Gateway to the Classics: Little Folks' Land by Madge A. Bigham
Little Folks' Land by  Madge A. Bigham

Joe-Boy's House

O NE day Mother Gipsy said, "Do see here, Father Gipsy, Joe-Boy has his eyes open to-day. They are large and black like mine and merry and glad like yours. And he is growing so fast! I think we shall have to stop living in tents now, and build a real truly true house to live in, just like what the town people have. If we do not, I am afraid Joe-Boy will get cold and sick when the winter time comes."

"Yes, yes," said Father Gipsy, "I have been thinking about that very thing myself, but then, I knew how much you loved our pretty gipsy tent here in the woods and I thought you would not wish to leave it."

"Oh yes," said Mother Gipsy, "we both love our tent home very much, but we love Joe-Boy more. When he grows larger he will have to go to Kindergarten, you know, and there is none in the woods. And when he gets to be a big boy he will have to go to school and when he gets to be a great  big boy, why he will have to go to college. So you see we will have to build a house in the town for Joe-Boy if he is to grow into a strong, wise man."

"That is true," said Father Gipsy, "but I can't build a house all by myself, so I must find someone to help me, and the new house will be ready for Joe-Boy when the cold winter time comes."

"You can find plenty of helpers, I am sure," said Mother Gipsy, "and we will pay them some of our money for helping us work. First we must find an architect to give us a plan for the house and then some carpenters and stone cutters and brick masons to build it for us."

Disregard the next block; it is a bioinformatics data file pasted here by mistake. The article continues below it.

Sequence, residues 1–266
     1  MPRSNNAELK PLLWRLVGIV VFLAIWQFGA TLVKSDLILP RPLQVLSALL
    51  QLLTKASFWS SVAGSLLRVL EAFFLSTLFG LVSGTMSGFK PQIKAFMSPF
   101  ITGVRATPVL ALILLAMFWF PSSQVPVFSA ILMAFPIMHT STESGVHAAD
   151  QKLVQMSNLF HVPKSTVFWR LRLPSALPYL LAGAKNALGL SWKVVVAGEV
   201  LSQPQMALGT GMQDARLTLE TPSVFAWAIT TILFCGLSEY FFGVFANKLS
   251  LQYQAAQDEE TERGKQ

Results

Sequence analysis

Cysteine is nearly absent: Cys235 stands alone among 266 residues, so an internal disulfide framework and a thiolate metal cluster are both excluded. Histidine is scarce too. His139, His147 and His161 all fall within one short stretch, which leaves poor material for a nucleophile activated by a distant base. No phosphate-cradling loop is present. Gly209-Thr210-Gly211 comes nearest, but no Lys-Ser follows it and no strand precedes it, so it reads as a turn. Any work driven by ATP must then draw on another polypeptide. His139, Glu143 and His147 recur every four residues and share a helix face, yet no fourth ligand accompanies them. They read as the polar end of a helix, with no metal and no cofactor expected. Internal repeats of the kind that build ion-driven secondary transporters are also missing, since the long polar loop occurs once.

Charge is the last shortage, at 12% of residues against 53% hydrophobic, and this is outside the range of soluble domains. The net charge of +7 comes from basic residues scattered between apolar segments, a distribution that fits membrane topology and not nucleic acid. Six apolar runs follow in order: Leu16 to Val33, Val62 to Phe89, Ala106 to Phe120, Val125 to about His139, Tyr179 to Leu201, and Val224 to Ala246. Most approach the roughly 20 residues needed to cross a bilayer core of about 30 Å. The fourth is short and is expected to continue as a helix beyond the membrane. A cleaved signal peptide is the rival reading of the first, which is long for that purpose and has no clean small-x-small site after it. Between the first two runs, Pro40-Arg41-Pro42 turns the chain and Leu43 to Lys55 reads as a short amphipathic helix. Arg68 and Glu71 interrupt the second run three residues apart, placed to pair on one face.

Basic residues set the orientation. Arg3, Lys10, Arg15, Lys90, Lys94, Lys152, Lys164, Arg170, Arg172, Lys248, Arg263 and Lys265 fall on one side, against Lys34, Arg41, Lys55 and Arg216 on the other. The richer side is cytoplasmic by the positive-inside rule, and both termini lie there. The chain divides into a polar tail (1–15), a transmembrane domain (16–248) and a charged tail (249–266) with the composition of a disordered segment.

"How many rooms do you think we should have in the new house?" said Father Gipsy.

"Not very many," said Mother Gipsy,—"let me see; a kitchen, a dining room, a parlor, a bed room and a play room for Joe-Boy, all his very own, so that when he grows large enough to have toys and other things he will have a nice place to keep them in. Then, of course there must be a broad porch all around the house, for when the weather is bright we shall stay out there a great deal—close to the air and sunshine and the beautiful, beautiful woods, that we love so much."

"All right," said Father Gipsy, "it shall be just as you wish, and to-morrow I will find the workmen who are to do the building—the very best ones that can be found, because we want Joe-Boy to have a strong, well-built house to live in."

Then Mother Gipsy smiled and Father Gipsy smiled, and I am sure Joe-Boy would have smiled too, had he only known how much they loved him. But he only closed his pretty black eyes, nestled up close to Mother Gipsy's heart, and went fast asleep.

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